The impetus to explore the potential utility of intermittent HIV therapy stems from observations made by Dr. Franco Lori and colleagues involving a person now commonly referred to as the "Berlin patient". This 29-year-old man began treatment with ddI (Videx®), hydroxyurea, and Crixivan® within about a month of presumed initial infection with HIV. He suspended therapy on two occasions due to other concurrent infections, and while he had a rebound in viral load after the first treatment interruption, his viral load remained "undetectable" (less than 500 copies/ml) during the second interruption, which lasted 16 days. He stopped treatment completely after 176 days, and his viral load has remained undetectable for over 18 months.
HIV, however, has been found in his lymph nodes and at a low frequency in his circulating T-cells. This patient has had evidence of vigorous immune responses to HIV. Taken together, it is not clear whether the control of HIV replication in this patient is due to one or more of the following factors: his very early treatment after initial infection, the specific antiretroviral regimen used, and/or intermittent therapy. Perhaps intermittent exposure to HIV antigens during dose interruptions could act like a vaccine and stimulate the body's immune response to the virus, enabling the immune system to control viral replication.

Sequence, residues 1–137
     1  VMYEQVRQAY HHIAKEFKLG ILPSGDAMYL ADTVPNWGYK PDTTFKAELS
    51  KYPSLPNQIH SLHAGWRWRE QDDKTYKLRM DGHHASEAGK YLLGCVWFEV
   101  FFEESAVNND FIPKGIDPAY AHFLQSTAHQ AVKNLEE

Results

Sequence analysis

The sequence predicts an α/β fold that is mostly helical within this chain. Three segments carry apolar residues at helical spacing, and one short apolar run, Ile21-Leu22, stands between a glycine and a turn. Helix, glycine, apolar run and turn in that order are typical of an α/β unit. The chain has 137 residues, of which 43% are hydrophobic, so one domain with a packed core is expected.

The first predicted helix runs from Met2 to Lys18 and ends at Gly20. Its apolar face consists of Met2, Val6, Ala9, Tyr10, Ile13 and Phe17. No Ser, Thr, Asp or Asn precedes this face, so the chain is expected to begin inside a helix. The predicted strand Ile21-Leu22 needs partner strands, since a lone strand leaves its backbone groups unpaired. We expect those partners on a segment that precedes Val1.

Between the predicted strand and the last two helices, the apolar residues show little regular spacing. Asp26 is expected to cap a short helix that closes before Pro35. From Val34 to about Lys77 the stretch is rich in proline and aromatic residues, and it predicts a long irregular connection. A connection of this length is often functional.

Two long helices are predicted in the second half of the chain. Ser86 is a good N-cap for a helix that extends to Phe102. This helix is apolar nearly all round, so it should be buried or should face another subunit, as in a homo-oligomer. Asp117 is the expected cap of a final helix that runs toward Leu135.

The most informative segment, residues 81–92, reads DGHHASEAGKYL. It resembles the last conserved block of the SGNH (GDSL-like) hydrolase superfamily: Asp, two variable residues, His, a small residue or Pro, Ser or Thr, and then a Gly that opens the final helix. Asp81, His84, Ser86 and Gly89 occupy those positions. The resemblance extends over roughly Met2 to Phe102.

At the Chicago conference, Dr. Lori's group reported preliminary findings which hinted that intermittent therapy may be worthy of further exploration. The researchers treated three patients with stable baseline viral loads ranging from about 23,000 to over 700,000 copies/ml with HAART regimens containing hydroxyurea.
Treatment was given for three weeks, followed by a one-week interruption, and then for two cycles of three months of treatment followed by interruption until viral load rebounded to over 5,000 at which time treatment was reintroduced. Viral load fell back to less than 400 each time treatment was re-started. Interestingly, the time to rebound of viral load to over 5,000 increased with each dose interruption. Rebound time lasted an average of seven days during the first interruption and increased to 14 days and 37 days for the second and third. Parallel studies in rhesus monkeys acutely infected with the related simian immunodeficiency virus (SIV) yielded similar results.
These very preliminary results in only a few patients must be interpreted with caution. In no way do they prove that intermittent therapy or drug holidays are beneficial. Randomized, controlled clinical trials to compare continuous with intermittent therapy are needed and are being planned.
Marshall Glesby is director of Chelsea's Cornell Clinical Trials Unit, and asst. professor of medicine at Cornell University Medical College.